When was the last time you gave yourself a break? Is it a common occurrence? Or is it something you just wish you could do more often? The bigger question is: do you do it at all?
We’ve all grown up in a world that has become more and more technologically advanced. But these technological advances have brought with them something else: urgency. Being constantly connected in a shrinking world has sped up growth and, unfortunately, expectations.
So – what does that mean for us on a daily basis? It means that others have expectations of us that we will be available to them whenever and however they reach out. And we, in turn, have the same expectation of them. No longer is there a delay in sharing our thoughts, ideas and feelings with the rest of the world. With the advent of Facebook, Twitter and other forms of social media, we are able to announce to everyone what we are doing on a moment-by-moment basis. And, we receive these same communications from hundreds of people all around us. This ease of communication has created a sense of urgency that was previously once dominated by pony express! Think about that.
Sometimes, this urgent “need” to respond is nothing more than a reflex to react. We don’t necessarily give thought to our reactions. We just want to hit the proverbial tennis ball back into the other side of the court. And sometimes, it’s almost as if we’re stuck in a perpetual game of “beat the clock.” But, what would happen if you allowed yourself the time to respond to someone, rather than react? What would happen if you gave yourself permission to say “no” to something or someone?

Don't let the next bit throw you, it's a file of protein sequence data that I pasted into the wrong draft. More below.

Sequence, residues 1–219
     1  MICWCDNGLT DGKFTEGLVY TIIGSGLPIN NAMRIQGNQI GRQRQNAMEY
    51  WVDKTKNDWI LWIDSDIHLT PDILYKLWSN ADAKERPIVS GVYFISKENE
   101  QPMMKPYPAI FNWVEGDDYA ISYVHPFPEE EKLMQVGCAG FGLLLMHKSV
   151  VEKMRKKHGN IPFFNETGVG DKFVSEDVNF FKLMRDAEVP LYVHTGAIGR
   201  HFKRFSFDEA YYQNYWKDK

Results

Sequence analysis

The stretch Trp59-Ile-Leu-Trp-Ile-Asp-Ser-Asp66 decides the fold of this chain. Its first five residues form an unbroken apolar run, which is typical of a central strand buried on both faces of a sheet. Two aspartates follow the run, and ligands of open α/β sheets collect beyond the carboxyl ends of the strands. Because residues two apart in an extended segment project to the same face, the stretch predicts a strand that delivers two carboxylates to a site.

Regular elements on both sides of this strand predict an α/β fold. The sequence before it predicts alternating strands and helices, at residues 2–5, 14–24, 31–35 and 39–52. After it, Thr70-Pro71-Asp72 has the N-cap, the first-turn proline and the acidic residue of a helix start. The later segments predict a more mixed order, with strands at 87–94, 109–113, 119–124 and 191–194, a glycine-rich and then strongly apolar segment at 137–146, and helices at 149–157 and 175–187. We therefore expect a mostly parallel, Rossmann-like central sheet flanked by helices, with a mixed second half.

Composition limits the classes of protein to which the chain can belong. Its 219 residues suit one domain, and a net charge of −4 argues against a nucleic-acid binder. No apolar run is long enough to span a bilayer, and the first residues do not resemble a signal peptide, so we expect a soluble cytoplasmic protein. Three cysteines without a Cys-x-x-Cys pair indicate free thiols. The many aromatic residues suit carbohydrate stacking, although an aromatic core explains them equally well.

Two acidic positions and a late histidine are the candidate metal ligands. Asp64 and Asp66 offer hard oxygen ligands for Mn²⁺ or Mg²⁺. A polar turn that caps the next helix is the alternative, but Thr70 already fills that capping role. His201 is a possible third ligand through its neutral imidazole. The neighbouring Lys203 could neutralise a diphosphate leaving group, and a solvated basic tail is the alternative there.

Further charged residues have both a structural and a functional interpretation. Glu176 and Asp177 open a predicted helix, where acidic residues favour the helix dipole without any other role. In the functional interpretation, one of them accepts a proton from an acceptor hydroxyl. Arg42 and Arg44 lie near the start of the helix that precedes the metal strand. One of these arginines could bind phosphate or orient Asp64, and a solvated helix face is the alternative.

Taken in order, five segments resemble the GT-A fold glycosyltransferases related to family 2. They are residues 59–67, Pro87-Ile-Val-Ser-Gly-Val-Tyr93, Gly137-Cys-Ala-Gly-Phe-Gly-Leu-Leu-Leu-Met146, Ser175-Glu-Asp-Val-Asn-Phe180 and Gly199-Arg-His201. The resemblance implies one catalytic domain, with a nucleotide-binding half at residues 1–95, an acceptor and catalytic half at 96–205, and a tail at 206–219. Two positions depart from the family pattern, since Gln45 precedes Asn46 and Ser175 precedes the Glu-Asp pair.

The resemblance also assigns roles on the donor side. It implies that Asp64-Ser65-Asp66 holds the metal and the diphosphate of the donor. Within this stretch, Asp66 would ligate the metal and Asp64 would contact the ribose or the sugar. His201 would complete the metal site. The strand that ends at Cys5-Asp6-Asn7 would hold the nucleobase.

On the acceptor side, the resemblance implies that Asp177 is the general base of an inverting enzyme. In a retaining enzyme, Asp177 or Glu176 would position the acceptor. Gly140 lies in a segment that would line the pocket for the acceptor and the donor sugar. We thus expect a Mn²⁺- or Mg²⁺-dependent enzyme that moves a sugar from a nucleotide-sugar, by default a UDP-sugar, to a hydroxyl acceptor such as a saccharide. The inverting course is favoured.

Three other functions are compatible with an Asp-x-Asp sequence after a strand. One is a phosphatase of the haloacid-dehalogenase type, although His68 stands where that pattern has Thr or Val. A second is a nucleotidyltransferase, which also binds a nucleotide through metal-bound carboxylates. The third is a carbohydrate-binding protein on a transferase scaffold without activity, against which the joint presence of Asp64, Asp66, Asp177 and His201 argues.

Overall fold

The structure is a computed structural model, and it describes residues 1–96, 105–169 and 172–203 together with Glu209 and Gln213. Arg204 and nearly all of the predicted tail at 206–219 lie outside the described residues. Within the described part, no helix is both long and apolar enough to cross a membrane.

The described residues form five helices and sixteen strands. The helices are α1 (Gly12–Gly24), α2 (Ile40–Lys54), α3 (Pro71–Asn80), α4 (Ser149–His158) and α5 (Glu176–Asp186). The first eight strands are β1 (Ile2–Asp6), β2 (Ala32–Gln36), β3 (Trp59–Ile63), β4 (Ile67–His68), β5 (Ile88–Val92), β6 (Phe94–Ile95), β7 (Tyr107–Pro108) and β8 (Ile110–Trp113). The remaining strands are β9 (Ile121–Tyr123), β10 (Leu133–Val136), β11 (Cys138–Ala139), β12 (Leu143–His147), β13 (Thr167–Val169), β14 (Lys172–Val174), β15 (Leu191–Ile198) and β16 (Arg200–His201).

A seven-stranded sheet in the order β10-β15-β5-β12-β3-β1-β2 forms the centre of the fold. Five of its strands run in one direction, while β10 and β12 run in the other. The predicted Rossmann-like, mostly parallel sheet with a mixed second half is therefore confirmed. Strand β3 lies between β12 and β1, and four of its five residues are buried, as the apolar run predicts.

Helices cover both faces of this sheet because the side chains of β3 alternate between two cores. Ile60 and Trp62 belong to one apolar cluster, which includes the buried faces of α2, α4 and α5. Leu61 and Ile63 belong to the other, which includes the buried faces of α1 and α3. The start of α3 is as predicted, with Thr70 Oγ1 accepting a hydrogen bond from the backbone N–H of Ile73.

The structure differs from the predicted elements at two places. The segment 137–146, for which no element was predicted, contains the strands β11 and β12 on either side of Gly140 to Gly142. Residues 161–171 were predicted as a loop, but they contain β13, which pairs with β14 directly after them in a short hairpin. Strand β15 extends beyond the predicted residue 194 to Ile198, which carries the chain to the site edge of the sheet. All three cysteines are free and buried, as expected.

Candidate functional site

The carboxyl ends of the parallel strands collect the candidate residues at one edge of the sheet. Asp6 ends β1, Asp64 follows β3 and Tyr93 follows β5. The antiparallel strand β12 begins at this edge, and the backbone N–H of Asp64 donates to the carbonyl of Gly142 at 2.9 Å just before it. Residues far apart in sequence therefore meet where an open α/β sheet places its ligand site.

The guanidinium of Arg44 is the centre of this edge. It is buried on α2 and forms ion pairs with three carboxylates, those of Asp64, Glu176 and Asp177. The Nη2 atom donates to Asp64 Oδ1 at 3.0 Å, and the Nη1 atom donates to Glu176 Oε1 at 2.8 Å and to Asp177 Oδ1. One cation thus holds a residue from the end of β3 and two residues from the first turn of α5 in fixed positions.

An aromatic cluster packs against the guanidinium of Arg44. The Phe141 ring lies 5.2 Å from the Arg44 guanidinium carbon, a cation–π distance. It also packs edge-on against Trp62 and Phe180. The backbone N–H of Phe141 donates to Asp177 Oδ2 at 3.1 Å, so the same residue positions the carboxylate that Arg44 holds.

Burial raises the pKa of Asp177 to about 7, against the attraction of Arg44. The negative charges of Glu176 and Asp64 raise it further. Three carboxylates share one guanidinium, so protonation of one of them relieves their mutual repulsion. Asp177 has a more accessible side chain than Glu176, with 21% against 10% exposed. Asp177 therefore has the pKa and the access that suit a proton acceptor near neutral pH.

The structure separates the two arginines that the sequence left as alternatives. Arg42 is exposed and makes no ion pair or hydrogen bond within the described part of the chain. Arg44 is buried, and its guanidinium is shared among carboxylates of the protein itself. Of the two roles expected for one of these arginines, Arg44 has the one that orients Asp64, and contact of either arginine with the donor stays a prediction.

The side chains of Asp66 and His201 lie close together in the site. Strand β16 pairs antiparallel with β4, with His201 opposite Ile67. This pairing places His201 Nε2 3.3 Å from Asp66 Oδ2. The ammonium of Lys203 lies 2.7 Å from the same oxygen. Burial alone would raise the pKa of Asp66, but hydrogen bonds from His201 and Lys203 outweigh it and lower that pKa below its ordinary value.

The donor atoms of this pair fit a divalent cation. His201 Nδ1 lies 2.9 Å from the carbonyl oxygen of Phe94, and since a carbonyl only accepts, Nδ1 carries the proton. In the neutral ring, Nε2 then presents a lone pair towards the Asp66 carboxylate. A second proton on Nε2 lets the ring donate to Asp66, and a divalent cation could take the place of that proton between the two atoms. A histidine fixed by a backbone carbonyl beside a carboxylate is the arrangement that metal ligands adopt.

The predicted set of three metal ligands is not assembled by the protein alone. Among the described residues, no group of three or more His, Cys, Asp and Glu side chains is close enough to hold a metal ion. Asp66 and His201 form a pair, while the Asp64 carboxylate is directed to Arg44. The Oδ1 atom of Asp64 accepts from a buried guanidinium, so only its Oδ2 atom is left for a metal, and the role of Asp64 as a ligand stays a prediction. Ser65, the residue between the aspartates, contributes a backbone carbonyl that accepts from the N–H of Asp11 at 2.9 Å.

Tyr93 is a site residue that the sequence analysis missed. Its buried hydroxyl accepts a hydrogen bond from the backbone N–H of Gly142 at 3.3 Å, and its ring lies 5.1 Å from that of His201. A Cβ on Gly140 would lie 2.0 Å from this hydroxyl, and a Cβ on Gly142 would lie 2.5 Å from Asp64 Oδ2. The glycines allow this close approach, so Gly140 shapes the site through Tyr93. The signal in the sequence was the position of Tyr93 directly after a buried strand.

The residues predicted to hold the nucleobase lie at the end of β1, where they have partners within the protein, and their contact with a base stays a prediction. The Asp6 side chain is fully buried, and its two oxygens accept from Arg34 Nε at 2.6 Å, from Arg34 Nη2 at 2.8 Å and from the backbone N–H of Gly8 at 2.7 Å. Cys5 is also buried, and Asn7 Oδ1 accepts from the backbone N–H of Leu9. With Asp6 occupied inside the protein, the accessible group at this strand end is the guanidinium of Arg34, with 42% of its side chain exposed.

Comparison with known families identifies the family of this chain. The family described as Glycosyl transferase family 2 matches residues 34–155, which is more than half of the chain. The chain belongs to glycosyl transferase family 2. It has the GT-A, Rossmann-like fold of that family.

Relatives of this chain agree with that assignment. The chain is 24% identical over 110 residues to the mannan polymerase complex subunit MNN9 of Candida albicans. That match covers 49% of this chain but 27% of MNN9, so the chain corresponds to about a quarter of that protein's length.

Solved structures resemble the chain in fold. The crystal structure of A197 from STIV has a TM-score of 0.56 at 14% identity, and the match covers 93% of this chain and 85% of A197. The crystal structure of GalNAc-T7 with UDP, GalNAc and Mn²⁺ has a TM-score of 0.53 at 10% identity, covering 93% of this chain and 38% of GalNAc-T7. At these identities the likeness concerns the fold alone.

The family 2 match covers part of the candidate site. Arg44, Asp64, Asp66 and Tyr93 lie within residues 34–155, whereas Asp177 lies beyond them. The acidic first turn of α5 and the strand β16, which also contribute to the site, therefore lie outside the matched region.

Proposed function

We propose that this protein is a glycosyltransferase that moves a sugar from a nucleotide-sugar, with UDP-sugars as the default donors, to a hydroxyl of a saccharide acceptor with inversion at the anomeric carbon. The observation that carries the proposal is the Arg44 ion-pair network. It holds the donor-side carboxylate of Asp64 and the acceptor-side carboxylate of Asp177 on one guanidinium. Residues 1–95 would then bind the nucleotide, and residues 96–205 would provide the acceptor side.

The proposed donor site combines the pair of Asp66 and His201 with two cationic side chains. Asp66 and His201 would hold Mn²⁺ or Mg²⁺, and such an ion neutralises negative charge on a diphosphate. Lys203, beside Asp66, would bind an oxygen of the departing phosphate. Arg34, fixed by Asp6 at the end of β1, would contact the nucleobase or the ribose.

Letting ourselves off the hook is one of the most challenging decisions we make. By allowing ourselves to make a different choice, and not accepting guilt or blame – we give ourselves the gift of time and space. So often when we draw boundaries (by saying “no,” for example), we feel guilty. But when we permit ourselves to hold our boundaries without guilt or blame, we are truly being supportive of our own health and wellness. Honestly, there are very few things in life that have the urgency we now commonly apply to our everyday interactions. A car accident victim arriving at the ER is an urgent situation. Your crops withering in FarmVille is not. Nor is the set of false deadlines we continually give ourselves by making endless “to do” lists. A reasonable to do list is supportive. An infinite to do list, is stress inducing.
Now, where can you cut yourself some slack? Do the kids really need homemade cupcakes for their birthday in school – or would store-bought ones suffice? And what about your lists? Have you thought about your limits, and what it means to have a reasonable to do list? Can you prioritize it differently? (And by the way, hitting your limit means you’ve already gone too far. Just a thought.)
Body – Do you feel guilty if you skipped a day of working out, because you simply needed one morning of sleeping a little later? They’re both good for you – why should one make you feel guilty?
Mind – Lists and reminders are only effective if we use them deliberately. Tons of sticky notes eventually just become wallpaper. What could you do differently to lighten your load?
Spirit – When our mind and body are jumbled with guilt and stress from false urgency, our spirit becomes tired. It may take a while, but eventually it will begin to wear down. If you’re already feeling tired, at your core, it’s now time to make some decisions about what to change, and when, to support yourself in a healthier manner.
In love and light,